MATLAB and Simulink in the World: Connecting MATLAB and Simulink to Hardware

MathWorks

Engineers and scientists connect MATLAB® and Simulink® to FPGAs, microprocessors, cameras, instruments, and other hardware to design, test, and verify systems that combine hardware components and software algorithms. This approach supports project-based learning with low-cost hardware at schools and universities, as well as high-performance production system development at automotive, aerospace, communications, and other commercial organizations.

Project-Based Learning: Ohio State University

Teaching programming with MATLAB and Arduino hardware

Project-Based Learning: Ohio State University

For their final project in ENGR 1181: Fundamentals of Engineering I, first-year OSU students develop a MATLAB program to control a model train as it travels around a circular track. They implement their programs on an Arduino Uno using the MATLAB Support Package for Arduino Hardware. To optimize limited lab time and hardware, instructors developed a virtual train simulator in MATLAB. All 1700 students can use the simulator to design, test, and debug their algorithm code. They can then use the same code on the actual train set in the lab.

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FPGA Design: Siglead

Accelerating development of signal processing components for mass storage devices

Storage devices, including solid state drives (SSDs) and hard disk drives (HDDs), require advanced signal processing subsystems for high-speed data encryption and error correction. Algorithms for these subsystems are often developed in C or C++. Translating the C algorithms into HDL is time-consuming and error-prone, as the sequential behavior of C must be mapped to the parallel behavior of hardware. Siglead engineers use MATLAB, Simulink, and HDL Coder™ to model, simulate, verify, and generate HDL code for the signal processing components in their SSD and HDD systems. With HDL code automatically generated from a verified, cycle-accurate Simulink model, modifications that used to take days are now completed in hours.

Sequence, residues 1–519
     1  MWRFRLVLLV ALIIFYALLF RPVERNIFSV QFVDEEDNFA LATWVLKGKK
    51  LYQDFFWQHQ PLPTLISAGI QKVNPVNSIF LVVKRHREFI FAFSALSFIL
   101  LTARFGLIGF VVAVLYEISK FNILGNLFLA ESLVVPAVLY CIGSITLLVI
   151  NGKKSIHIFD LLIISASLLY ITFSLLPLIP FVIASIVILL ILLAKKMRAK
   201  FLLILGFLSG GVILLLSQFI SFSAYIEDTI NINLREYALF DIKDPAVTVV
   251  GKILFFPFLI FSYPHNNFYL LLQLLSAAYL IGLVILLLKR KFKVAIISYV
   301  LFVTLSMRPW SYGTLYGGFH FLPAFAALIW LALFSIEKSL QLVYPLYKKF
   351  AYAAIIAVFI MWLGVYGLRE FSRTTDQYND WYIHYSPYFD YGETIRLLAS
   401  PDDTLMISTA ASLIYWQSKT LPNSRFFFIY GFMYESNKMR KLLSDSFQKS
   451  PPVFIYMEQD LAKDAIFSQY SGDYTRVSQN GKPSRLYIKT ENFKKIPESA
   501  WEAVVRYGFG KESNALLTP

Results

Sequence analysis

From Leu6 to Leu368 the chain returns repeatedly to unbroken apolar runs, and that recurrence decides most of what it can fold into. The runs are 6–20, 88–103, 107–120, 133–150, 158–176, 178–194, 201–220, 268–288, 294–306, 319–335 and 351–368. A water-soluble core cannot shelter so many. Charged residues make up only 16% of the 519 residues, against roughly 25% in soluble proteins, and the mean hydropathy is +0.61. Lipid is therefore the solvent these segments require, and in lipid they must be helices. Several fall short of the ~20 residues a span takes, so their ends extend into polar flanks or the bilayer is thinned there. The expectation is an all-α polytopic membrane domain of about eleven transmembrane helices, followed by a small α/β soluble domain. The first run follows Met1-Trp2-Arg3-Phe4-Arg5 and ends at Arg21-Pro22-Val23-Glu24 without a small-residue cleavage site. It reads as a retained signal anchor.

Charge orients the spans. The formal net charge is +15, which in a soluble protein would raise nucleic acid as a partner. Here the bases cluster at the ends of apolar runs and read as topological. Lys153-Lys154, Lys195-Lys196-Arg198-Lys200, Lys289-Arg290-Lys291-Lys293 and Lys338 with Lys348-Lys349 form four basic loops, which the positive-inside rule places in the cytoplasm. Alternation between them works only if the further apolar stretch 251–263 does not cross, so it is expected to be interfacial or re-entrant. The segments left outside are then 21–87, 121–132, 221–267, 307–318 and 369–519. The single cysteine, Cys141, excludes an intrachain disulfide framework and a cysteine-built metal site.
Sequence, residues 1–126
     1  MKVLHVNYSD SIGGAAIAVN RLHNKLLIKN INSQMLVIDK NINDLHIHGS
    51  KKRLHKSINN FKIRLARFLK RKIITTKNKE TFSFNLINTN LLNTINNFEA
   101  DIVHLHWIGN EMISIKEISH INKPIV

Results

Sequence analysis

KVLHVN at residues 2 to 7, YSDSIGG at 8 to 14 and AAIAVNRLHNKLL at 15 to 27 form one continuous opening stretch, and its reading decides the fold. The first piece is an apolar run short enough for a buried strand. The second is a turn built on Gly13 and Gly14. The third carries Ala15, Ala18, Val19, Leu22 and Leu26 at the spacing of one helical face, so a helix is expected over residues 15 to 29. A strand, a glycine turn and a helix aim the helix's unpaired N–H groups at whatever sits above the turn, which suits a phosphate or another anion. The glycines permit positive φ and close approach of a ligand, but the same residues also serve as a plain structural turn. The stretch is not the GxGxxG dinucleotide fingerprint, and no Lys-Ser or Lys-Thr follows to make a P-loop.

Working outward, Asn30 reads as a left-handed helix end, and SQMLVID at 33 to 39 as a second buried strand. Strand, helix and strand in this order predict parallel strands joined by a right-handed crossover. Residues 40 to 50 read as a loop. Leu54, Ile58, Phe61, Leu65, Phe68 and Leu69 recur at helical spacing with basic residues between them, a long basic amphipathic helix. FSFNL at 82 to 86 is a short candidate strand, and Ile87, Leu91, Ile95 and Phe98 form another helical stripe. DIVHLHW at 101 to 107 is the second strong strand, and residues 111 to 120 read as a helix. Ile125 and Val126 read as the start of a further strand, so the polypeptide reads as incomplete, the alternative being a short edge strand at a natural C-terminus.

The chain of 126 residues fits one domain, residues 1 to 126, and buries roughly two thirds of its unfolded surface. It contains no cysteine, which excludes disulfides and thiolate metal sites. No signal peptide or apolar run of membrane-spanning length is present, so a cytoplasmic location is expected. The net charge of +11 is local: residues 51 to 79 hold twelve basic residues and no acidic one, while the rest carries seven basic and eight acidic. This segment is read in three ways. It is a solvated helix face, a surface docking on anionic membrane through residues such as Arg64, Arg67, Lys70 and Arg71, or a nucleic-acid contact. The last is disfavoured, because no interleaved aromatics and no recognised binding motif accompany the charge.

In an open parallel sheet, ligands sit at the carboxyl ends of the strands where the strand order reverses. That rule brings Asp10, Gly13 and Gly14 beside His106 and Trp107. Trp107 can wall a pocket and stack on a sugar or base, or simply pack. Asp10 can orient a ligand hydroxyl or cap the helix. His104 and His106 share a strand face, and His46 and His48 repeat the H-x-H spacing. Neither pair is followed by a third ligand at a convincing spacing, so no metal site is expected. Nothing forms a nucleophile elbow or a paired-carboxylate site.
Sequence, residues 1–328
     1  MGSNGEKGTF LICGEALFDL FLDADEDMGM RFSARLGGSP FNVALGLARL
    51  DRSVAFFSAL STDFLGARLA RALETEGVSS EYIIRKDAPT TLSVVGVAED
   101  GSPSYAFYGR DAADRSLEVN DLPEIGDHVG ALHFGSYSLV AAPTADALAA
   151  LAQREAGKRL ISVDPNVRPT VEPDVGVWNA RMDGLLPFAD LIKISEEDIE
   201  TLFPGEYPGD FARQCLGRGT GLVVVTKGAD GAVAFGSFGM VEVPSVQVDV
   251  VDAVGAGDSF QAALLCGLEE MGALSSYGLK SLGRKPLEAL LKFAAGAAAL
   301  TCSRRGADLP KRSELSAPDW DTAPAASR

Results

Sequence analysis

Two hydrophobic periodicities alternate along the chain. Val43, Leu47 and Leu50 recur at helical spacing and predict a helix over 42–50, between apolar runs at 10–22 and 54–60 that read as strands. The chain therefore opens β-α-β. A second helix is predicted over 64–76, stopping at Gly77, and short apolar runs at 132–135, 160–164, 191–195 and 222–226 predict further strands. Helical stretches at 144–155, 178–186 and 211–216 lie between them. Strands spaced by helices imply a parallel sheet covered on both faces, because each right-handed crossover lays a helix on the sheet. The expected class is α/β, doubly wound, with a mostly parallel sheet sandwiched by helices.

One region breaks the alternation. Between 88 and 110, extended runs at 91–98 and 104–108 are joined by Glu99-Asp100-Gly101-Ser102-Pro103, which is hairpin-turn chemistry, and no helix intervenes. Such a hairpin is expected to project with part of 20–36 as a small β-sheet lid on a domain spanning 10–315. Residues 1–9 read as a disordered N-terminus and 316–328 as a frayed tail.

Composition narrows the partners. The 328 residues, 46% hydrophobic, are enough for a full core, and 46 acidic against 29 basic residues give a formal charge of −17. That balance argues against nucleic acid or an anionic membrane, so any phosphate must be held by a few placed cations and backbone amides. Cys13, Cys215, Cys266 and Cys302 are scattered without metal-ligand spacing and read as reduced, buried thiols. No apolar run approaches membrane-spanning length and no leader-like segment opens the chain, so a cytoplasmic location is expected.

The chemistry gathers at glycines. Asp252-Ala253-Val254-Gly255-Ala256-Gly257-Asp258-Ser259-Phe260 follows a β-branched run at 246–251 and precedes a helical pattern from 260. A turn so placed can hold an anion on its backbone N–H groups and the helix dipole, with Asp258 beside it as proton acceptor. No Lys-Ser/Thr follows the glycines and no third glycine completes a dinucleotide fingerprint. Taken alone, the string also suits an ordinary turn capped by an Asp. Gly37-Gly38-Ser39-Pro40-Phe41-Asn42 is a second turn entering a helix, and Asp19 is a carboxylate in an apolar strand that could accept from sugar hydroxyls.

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Embedded Systems: Weinmann Medical Technology

Implementing embedded software for certification of an emergency transport ventilator

Embedded Systems: Weinmann Medical Technology

The MEDUMAT Transport ventilator is the most advanced—and the most complex—ventilator that Weinmann has ever developed. Model-Based Design with MATLAB and Simulink enabled Weinmann to handle the increased complexity and achieve compliance certification. Engineers developed a Simulink plant model, which included hardware components and a mechanical model of human lungs, and a Simulink and Stateflow model of the controller. After running closed-loop simulations of the controller and plant, they generated production code for deployment to a 16-bit Infineon® microcontroller using Embedded Coder®. This approach helped Weinmann certify MEDUMAT Transport to ISO/IEC 62304, ISO 10651-3, DIN EN ISO 13485, and DIN EN ISO 14971 standards.

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Real-Time Testing: Korea Institute of Machinery and Materials

Creating a real-time prototype of an antirolling control system to stabilize mobile harbors

Real-Time Testing: Korea Institute of Machinery and Materials

KIMM researchers needed to evaluate an antirolling system for a catamaran-based mobile harbor platform. An aggressive schedule allowed time for only one prototype. The researchers converted a SolidWorks® assembly of the mobile harbor platform into a SimMechanics™ model, and developed Simulink models of the controllers. They performed closed-loop simulations using the catamaran model to verify the control algorithms. C code was automatically generated from the controller models and executed in real time using xPC Target running on a PC/104 computer with an I/O board interface to the catamaran hardware.

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Communication Systems: Semtech

Generating production VHDL code for FPGA and ASIC implementation of wireless RF receivers

Communication Systems: Semtech

Semtech engineers needed to accelerate development of optimized digital receiver chains for wireless RF devices. They developed a Simulink model of the complete receiver chain. After converting the model from floating point to fixed point, they conducted bit-true simulations. The team then generated VHDL® from the model, verifying the code by cosimulating their Simulink design with the Mentor Graphics® Questa® simulator. By automatically generating VHDL from the Simulink model, they eliminated the tedious hand-coding of each block, reducing prototype development time from months to weeks.

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Computer Vision: FLIR Systems

Implementing advanced thermal imaging filters and algorithms

Computer Vision: FLIR Systems

FPGAs in thermal imaging infrared cameras filter and process signals generated by sensors. Turning a new signal processing concept into an algorithm that runs in real time on a production camera can be time-consuming, because hardware engineers must translate algorithms developed by algorithm engineers into HDL. At FLIR Systems, engineers develop and simulate advanced algorithms in MATLAB. Synthesizable HDL code automatically generated by HDL Coder from these MATLAB algorithms is implemented and tested on the FPGA. As a result, prototyping time is reduced by up to 60%, enabling the FLIR team to explore new designs and enhance existing ones.

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Published 2013 - 92139v00

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